Sheffield’s Octagon Centre is being turned into a planetarium today that will explore distant galaxies in a spectacular collaboration between university musicians and scientists.
The show, Sounds of the Cosmos, will feature beautiful images projected on to the Octagon’s walls, accompanied by the music from Gustav Holst’s famous Planet Suite played live by the Sheffield Rep Orchestra, conducted by George Morton.
University of Sheffield professor of astrophysics Paul Crowther will lead the audience on their journey to see new stars being born, learn more about the Sun and explore faraway galaxies, exoplanets (planets outside our solar system) and distant worlds.
The show, which has taken 18 months of planning, was first thought up by Stewart Campbell, who is the concerts manager at the university’s Department of Music.
He said: “These ideas come to you at the most bizarre of times. I was on holiday in Kuala Lumpur in Malaysia, which is the most hectic, crazy city to get around.
“There’s a lake garden outside the city with a big planetarium. It took about two hours to get to this place and it was shut! It was the monsoon season and the heavens just opened.
“We sat under a tree trying to keep dry and I put the Planets Suite on my iPod. I thought it would make a cool project using the fantastic knowledge of the researchers at the university to do something really special.
“Then, when we had to come up with ideas of the university’s Festival of the Mind, I met Paul and we started to work on the project.”
The images have been designed by Sheffield design agency, Human.
Paul said: “I do a lot of outreach stuff but nothing which really combines a music performance. It is something quite different which is refreshing and challenging.”
He is relishing the chance to present some of the latest research in astronomy in such an accessible way.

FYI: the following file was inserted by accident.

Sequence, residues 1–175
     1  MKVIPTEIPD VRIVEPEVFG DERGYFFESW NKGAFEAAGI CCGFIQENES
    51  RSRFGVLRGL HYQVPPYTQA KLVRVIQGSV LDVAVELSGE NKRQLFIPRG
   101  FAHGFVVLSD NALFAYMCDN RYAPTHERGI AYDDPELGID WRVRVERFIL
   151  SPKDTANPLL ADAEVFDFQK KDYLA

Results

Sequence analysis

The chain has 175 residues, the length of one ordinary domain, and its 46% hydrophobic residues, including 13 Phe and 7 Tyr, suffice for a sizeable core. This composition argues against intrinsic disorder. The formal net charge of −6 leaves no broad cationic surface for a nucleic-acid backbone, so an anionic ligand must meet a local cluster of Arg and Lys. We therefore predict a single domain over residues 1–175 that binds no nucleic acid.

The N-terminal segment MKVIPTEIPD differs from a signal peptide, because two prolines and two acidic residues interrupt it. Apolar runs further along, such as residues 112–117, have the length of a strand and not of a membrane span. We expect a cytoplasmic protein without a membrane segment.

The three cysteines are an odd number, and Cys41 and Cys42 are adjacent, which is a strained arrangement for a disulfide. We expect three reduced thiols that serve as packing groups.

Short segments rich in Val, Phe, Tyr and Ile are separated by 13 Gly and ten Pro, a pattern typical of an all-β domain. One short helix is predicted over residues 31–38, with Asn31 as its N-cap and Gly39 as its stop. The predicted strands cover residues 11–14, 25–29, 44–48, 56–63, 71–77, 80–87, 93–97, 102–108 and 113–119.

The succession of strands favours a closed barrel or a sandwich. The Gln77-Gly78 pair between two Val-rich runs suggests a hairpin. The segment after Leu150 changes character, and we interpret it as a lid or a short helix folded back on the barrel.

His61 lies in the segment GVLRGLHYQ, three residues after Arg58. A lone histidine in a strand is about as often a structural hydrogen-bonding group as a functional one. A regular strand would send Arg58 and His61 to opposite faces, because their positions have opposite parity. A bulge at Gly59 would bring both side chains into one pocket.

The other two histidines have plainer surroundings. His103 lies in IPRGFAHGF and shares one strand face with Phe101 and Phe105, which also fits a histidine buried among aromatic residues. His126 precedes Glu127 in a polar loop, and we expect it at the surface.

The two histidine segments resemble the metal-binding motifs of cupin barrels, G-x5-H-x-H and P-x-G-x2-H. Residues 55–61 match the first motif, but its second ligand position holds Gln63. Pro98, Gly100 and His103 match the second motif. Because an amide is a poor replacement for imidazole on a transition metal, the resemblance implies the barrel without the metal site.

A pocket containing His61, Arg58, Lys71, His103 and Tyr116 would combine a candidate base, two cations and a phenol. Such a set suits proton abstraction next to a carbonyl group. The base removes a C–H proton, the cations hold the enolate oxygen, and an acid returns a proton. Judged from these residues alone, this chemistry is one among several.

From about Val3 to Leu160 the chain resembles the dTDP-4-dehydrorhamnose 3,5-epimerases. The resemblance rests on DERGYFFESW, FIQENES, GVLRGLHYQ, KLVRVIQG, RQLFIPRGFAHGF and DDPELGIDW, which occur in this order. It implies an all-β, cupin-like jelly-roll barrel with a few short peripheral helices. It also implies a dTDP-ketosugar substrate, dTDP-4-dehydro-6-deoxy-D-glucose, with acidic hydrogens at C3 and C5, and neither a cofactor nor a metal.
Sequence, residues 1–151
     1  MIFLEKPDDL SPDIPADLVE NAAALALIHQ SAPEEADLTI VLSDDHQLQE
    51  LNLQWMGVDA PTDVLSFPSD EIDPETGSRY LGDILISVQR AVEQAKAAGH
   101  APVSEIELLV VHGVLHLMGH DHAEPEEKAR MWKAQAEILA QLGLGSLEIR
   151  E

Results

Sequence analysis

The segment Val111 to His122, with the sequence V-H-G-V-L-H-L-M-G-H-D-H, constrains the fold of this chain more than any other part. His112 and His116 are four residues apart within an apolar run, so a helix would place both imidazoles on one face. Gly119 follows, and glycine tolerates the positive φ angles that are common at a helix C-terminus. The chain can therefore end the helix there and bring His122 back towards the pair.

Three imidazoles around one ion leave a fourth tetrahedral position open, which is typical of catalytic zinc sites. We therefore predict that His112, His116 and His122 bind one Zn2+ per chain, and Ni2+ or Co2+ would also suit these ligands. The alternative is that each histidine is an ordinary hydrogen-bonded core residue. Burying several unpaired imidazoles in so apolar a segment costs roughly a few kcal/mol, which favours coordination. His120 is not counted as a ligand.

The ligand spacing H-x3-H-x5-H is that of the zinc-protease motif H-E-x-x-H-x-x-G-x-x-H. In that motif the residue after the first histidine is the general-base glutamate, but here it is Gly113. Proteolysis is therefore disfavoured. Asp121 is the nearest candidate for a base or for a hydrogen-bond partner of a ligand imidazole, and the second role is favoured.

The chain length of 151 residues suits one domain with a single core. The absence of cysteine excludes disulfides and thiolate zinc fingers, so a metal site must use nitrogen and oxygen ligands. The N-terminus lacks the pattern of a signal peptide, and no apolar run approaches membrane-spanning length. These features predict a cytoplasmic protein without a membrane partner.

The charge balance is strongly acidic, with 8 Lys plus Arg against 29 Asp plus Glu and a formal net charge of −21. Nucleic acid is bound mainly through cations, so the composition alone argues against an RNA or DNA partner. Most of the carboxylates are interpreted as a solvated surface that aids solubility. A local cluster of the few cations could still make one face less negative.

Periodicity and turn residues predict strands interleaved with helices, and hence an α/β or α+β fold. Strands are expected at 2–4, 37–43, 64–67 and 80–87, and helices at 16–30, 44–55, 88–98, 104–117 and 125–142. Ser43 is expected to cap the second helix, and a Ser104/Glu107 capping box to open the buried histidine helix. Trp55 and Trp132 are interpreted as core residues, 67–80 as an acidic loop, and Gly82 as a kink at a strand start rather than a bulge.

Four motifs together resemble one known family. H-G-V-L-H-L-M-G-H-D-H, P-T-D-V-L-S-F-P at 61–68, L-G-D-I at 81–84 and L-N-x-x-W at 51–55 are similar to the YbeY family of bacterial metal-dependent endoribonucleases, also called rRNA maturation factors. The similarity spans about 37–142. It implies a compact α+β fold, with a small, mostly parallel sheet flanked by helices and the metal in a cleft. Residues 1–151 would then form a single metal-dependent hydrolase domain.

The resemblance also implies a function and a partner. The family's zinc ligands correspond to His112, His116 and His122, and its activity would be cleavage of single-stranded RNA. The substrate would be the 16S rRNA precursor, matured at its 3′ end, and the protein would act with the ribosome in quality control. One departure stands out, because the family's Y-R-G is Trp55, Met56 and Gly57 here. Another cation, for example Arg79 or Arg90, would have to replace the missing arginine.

“I think the fact that the music is very powerful in its own right and combining that with striking images of the planets, taken from spacecraft and from Earth, will make it doubly powerful.”
Paul said his “five minutes of fame” came when he discovered the heaviest, brightest star that is known in the universe, called R1361A. It is 10 million times brighter than the Sun and 100,000 times heavier than the Earth.
Stewart, who said he might have been a scientist if he hadn’t pursued a career in music, added: “I hope that children and adults will take away different things from both the music and the astronomy.
“It is a unique way of trying to connect arts and science together. It is so easy to put them in different parts of the spectrum.”
An exhibition running alongside the show, Seeing the Universe in all its Light, features stunning science images and interactive exhibits and has previously been on display at the Houses of Parliament and BBC Stargazing Live.
Sheffield schools get the chance to see the show this afternoon.
Tonight’s public evening performance of the show has sold out but anyone can visit the free exhibition between 4pm and 6pm today.
Astronomers from the university will also be on hand to talk about the work they do and answer questions.
The show is one of the first events in the university’s 10-day Festival of the Mind, which seeks to present the work of the university to the public in a fun and accessible way.
Lots of free events take place in the circus-like Spiegeltent set up in Barkers Pool. For more information, go to www.sheffield.ac.uk/fotm or follow @FestivalMind on Twitter.
It also launches the university’s autumn season of 35 music concerts, organised by Stewart.
Highlights next month include a visit from Tibetan monks performing sacred dances, music and prayers in traditional costumes and masks on October 14, an event celebrating the music that inspired the US civil rights movement for black equality a week later and a visit by world-famed Northumbrian pipes specialist Kathryn Tickell with her exciting new ensemble The Side on October 28.
Tickets for the season are available now from concerts.sheffield.ac.uk or by calling 0114 223 3777.